How To Save When Food Costs Go Up

Over the summer, food and household supply prices are expected to rise as much as 15%. According to the average American household budget from the Bureau of Labor Statistics, the combined expense of food, household operations, and housekeeping supplies was $10,505 in 2019. A 15% jump in that number means the average American household is going to get dinged approximately $1,600 a year, or $130 a month, just buying the same food and household supplies they bought before.

Why is this happening? For the most part, it’s an aftereffect of the pandemic. For the last year, demand for a lot of supplies was relatively low, so prices stayed even and a lot of companies trimmed their supply chains. As the world returns to normal, demand is returning to normal and we’re playing catch up.

How should individual households handle this? As always, the best tool in our financial toolbelt for handling short-term financial change is frugality. In this case, since the price increases are happening with food and household supply prices, targeting frugality to those areas is the most effective tool we have.

In this article

    Strategies for handling a big jump in food and household prices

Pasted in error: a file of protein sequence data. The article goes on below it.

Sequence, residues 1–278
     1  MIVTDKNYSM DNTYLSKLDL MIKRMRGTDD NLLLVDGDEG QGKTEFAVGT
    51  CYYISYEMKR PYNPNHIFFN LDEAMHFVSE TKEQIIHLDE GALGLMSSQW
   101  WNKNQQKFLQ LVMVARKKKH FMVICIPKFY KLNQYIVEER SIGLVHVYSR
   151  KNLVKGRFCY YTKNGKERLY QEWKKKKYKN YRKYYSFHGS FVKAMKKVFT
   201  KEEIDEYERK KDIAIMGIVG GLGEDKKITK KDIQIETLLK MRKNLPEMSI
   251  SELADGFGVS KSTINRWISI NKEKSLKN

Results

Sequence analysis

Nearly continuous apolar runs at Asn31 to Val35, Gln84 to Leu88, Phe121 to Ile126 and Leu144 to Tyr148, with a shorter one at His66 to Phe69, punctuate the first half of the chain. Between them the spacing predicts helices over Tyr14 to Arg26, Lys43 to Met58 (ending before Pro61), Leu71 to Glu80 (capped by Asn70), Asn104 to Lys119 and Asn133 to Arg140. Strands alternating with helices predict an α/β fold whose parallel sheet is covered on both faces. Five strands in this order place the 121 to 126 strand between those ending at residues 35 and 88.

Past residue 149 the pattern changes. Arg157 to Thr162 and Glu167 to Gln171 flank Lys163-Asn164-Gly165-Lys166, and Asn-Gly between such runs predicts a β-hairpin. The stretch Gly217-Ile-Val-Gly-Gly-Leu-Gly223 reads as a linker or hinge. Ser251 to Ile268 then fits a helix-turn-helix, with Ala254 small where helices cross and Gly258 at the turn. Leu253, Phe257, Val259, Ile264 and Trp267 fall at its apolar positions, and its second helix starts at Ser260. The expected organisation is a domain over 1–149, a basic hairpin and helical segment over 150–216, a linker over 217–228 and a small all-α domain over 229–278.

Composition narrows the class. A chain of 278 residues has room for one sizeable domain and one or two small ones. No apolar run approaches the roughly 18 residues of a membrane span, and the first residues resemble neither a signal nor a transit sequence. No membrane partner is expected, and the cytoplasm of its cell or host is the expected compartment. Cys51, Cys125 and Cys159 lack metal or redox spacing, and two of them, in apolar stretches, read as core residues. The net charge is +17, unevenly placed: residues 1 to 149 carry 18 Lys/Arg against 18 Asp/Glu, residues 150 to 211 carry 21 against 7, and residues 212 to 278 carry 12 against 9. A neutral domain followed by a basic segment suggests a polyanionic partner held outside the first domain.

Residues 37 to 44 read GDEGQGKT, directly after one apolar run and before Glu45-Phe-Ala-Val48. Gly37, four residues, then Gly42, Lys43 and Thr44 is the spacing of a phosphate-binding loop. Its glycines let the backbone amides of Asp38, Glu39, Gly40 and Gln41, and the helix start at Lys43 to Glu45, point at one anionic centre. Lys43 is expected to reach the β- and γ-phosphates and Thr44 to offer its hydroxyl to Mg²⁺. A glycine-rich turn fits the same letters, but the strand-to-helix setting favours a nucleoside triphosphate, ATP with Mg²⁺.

Cook at home as much as you can

    According to Forbes, eating at home saves about 80% over eating out. This matches up with our own experience. Taking my family of five to a local Mexican restaurant costs about $75 (as it literally did just last week!), but using prices from our local grocery store, we could prepare a pretty similar meal at home for about $20.

    Many of us became far more familiar with our home kitchens during the pandemic, and those skills should remain in place even as things return to something like the pre-pandemic normal. Keep your own kitchen as the source of most of your meals. If your life is getting busier again, start adding lots of cheap and simple meals to your repertoire, and use smart strategies for cooking at home even on busy weeknights.

    Our family’s favorite techniques for cooking at home when things are busier involve preparing lots of meals in the slow cooker, making a lot of meals in advance and freezing them on the weekends, and doing a lot of food prep steps on the weekend or easier weeknights (things like cooking rice or boiling beans).

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    Focus on staples

    When you hit the grocery store, buy fewer prepared foods and more staples. For example at my local grocer, rather than buying Green Giant Simply Steam Seasoned Tuscan seasoned broccoli for $2.49 for 9 ounces of frozen broccoli, I can buy a 16-ounce unseasoned bag of frozen broccoli (almost twice as much) for $2.48 and use a few dashes of salt and Italian seasoning on them (costing just a few pennies) before I serve it.

    Staples like dry rice, dry beans, unprocessed fruits and vegetables, whole chicken, and so on are far less expensive per ounce or per pound than processed and pre-cooked stuff. Most of these items are extremely easy to cook in a slow cooker or the microwave with minimal effort (dump them in a bowl or crock, turn the microwave or slow cooker on for a certain amount of time, add a bit of salt and dash in some seasonings, walk away) and save a lot of money.

    Try lots of store brands